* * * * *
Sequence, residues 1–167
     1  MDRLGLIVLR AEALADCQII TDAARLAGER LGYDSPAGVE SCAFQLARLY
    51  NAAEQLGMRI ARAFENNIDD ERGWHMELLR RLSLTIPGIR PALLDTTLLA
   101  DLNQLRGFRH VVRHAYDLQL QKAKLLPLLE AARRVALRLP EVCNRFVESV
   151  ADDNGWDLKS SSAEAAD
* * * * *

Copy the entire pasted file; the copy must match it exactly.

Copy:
Sequence, residues 1–167
     1  MDRLGLIVLR AEALADCQII TDAARLAGER LGYDSPAGVE SCAFQLARLY
    51  NAAEQLGMRI ARAFENNIDD ERGWHMELLR RLSLTIPGIR PALLDTTLLA
   101  DLNQLRGFRH VVRHAYDLQL QKAKLLPLLE AARRVALRLP EVCNRFVESV
   151  ADDNGWDLKS SSAEAAD